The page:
Decoding Mobile Shopping: Future and Best Practices

It has been more than two decades since the term ‘M-commerce’ first came into existence and since then it has come a long way. According to studies, only a small number of people liked to shop via their mobile phones until the first half of 2015 but, thanks to the newest technology and features (not to mention exclusive mobile app discounts and convenience), mobile commerce has risen significantly. From being just a small gadget to make emergency calls to the smartphones of today, mobile phones have become a necessity in modern life. Today we’re talking about mobile shopping best-practices, synergy with brick-and-mortar, and the future of M-commerce.

Image Credits: Shopify

The above image represents the trend of mobile shopping when compared to desktop shopping. In this article we will be going through the best practices to design your website to keep up with the mobile market.

  1. Responsive Design ≠ Mobile Design

According to a thesis by Shanelle Mullin, the concept of responsive design goes beyond just ‘pinch and zoom,’ this is a common misconception. While responsive design was initially designed with mobile phones in mind, it doesn’t necessarily limit or restrict functionalities to mobile devices only. In the bigger picture, it should be the needs of the mobile user that needs to be accommodated for, as well as that of a desktop user, and the tablet user, and just … the user. Isn’t that the entire concept of UX?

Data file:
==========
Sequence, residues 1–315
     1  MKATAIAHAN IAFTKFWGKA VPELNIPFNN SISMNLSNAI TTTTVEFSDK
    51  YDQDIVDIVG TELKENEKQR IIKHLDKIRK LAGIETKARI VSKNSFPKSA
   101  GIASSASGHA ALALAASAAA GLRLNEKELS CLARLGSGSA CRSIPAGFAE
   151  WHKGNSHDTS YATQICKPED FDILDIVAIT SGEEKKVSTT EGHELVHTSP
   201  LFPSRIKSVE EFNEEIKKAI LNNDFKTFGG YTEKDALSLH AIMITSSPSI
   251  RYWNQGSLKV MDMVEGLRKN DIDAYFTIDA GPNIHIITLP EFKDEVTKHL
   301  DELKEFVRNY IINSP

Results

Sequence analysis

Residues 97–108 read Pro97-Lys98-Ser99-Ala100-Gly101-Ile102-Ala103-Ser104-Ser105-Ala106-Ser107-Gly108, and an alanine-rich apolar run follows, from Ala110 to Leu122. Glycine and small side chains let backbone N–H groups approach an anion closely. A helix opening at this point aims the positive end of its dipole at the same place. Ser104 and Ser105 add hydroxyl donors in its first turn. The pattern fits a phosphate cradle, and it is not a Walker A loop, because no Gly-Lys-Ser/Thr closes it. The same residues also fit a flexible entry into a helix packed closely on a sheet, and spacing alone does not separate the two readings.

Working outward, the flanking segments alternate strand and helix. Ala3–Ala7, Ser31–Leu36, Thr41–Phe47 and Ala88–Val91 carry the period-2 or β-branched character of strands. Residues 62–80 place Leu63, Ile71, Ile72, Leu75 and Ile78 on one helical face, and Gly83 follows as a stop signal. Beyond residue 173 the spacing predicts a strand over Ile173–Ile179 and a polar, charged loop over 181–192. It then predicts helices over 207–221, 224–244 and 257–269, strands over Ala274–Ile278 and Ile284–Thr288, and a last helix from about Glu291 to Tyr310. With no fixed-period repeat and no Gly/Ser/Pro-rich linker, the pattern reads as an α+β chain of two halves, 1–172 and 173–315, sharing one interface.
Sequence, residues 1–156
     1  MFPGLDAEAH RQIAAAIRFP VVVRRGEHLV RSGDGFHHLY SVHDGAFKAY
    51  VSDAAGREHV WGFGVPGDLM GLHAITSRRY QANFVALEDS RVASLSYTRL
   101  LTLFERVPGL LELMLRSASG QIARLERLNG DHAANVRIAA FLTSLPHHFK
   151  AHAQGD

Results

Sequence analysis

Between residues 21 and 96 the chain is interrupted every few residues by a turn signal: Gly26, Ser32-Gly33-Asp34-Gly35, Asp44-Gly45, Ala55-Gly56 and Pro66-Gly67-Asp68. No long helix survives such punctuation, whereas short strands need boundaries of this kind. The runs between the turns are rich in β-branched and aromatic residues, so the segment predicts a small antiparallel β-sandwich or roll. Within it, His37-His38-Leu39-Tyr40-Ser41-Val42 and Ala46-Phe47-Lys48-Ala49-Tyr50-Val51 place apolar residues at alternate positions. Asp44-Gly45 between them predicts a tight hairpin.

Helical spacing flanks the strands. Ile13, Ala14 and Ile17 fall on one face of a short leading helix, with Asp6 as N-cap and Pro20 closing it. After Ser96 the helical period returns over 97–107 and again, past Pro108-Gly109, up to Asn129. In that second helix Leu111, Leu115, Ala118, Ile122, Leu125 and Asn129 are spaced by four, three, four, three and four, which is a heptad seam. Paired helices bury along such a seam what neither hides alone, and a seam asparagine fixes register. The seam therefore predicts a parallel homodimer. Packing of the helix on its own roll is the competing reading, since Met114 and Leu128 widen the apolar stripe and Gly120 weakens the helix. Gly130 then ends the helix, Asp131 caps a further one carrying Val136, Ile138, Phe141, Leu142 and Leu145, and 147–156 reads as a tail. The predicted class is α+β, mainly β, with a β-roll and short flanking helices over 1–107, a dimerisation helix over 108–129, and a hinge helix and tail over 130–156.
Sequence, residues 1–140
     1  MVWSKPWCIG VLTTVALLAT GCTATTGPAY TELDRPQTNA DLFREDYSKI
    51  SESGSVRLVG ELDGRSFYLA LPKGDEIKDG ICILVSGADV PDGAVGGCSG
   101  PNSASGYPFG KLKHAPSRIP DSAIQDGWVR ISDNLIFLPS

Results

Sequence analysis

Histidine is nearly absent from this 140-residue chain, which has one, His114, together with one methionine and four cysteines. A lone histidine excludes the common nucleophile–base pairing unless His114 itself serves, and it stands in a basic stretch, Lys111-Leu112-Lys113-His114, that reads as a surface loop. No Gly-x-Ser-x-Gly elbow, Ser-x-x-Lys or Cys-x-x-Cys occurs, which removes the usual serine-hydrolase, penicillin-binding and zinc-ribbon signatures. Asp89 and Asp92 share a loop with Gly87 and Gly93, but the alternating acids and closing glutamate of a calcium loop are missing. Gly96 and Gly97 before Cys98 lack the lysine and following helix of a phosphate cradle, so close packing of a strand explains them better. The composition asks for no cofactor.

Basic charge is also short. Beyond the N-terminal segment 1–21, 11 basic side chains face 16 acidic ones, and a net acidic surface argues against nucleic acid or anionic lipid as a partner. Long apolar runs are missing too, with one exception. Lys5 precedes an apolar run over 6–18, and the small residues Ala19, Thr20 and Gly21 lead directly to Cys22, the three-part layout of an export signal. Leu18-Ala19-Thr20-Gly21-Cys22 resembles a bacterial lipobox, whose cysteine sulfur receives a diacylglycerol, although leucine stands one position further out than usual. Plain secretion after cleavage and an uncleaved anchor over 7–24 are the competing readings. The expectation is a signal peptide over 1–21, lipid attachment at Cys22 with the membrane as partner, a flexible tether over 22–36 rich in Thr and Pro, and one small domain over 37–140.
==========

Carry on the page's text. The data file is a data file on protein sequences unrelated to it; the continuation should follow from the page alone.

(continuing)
While it is easy for management to get seduced by rising mobile trends because of their designs, features, and specifications that enhance the shopping experience on a mobile device; it is crucial to understand that the real difference lies in proven optimization tactics rather than visual gimmicks. Looking closely into Inflow’s Best in Class eCommerce Mobile Report, you can see that almost all the leading mobile retailers follow a series of Do’s and Don’ts. Here’s a few of them:

  • Avoiding Hero Image Sliders

GIF Credits: Shopify

Building seamless and memorable experiences isn’t an easy task. The secret lies in knowing what to include and most importantly, what to exclude. While there was once a huge interest in hero image sliders, nowadays it’s a bad call. None of the pages in Nike’s 2019 app use any hero sliders despite having an elaborate product catalog and changing sales updates. It’s a well-thought-out decision not to include overwhelming sliders, as it will ruin the dynamic feel of a site.